Don’t get mad, get even! In the Sunshine State, which was hard hit by the 2008 mortgage crisis, many homeowners are taking that philosophy to heart. Considering that within the last five years, over 400,000 Florida residents have faced foreclosure, it is not surprising that they are looking for a little revenge from those lenders that possibly mismanaged their loans.
It seems that FL banks are failing to pay up on HOA and COA fees for properties they have repossessed. Their failure to pay has put the associations in the red, which has left many with no choice other than to take action. Miami-based attorney Ben Solomon noted that, “homeowners groups are putting liens on the properties until banks pay up and foreclosing on them if they don’t.”
A January 4th article that ran on the CNN Money site by contributor Lee Christie, revealed that the Solomon’s firm is looking into over 130 foreclosures and has placed more than 1,100 liens on banks for failing to pay association fees. The lawyer acknowledged that the banks have so far settled and paid up in over 90% of the cases.
The problems arise when homeowners are left short of funds that would usually be collected through the association fees. Suddenly routine considerations such as lawn and pool maintenance, security, some utilities, site management, and garbage collection become big issues. The owner of a Homestead, FL town home, Don Gonzales spoke with Christie and said, “I own two properties and it really ticks me off when the banks don’t pay their fair share. Everybody else has to make it up.” His case is presently in the hands of the Solomon firm and a suit has been filed to foreclose on JPMorgan Chase in order to recoup $20,000 owed in HOA fees.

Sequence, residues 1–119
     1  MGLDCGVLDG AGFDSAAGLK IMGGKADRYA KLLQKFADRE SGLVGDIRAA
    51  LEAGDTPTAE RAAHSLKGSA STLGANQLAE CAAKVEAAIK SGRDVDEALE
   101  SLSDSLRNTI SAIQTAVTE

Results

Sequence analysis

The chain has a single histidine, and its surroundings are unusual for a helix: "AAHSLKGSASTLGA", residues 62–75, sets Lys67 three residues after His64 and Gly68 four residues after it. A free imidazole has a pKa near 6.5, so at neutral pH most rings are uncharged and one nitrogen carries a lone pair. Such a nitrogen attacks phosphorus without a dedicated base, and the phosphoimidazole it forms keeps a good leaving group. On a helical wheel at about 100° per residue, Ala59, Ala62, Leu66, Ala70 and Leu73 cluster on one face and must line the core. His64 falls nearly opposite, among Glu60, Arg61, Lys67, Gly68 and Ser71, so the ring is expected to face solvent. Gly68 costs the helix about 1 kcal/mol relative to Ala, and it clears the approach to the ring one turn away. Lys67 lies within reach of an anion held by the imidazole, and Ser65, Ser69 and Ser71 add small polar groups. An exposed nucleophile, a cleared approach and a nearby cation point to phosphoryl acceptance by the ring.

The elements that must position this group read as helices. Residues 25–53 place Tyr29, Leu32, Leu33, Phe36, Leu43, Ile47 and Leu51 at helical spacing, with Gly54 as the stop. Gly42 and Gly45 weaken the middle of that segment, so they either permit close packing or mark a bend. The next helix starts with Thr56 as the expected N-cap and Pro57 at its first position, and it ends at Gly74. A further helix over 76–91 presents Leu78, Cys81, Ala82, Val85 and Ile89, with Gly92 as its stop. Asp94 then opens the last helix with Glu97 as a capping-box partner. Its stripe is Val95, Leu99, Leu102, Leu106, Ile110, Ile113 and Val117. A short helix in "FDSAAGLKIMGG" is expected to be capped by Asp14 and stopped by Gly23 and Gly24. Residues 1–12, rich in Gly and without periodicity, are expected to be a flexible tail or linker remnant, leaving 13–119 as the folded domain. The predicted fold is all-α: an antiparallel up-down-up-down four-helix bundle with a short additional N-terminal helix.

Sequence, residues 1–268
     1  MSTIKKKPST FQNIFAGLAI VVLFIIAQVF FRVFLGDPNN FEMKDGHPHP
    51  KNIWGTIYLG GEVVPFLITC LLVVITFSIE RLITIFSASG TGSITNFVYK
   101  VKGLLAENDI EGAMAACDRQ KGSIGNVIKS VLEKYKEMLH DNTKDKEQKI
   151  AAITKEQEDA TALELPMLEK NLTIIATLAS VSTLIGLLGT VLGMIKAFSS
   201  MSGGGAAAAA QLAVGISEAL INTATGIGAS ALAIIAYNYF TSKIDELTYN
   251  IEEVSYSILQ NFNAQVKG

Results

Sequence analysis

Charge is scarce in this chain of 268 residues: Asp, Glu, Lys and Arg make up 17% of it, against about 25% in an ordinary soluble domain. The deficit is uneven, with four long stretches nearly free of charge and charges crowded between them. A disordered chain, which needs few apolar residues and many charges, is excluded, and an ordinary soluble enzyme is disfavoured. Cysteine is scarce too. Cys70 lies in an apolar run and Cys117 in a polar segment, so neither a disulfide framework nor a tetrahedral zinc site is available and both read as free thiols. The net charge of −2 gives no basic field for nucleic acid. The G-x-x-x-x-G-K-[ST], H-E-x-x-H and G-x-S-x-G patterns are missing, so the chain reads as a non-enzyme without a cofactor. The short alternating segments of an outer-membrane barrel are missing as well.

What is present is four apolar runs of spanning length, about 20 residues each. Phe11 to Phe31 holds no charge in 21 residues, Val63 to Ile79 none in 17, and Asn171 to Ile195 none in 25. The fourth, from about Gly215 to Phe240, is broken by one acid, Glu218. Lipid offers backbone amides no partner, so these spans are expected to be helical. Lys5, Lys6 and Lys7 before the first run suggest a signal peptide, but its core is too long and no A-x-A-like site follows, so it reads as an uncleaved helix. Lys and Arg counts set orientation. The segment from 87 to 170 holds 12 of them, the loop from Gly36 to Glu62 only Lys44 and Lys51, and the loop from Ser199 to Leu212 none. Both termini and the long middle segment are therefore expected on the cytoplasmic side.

The issues are not limited to the Miami area. Several different banks foreclosed on the Southbridge community in Pembroke Pines, FL. According to Scott Lebron, who is the association’s treasurer, the new owners have failed to pay close to $1 million. In an attempt to make up for the lost revenue, the maintenance fees have almost doubled.
The fact that foreign banks now own some of the properties only intensifies the aggravation. The Germany-based Deutsche Bank is one of the owners of property in the Southbridge community. It argues that the mortgage company servicing the account is responsible for the fees. This situation was ongoing since 2009. Thankfully, it was recently settled. To read more on this developing storing, here is a link to the entire article: http://money.cnn.com/2012/12/26/real_estate/bank-foreclosure/index.html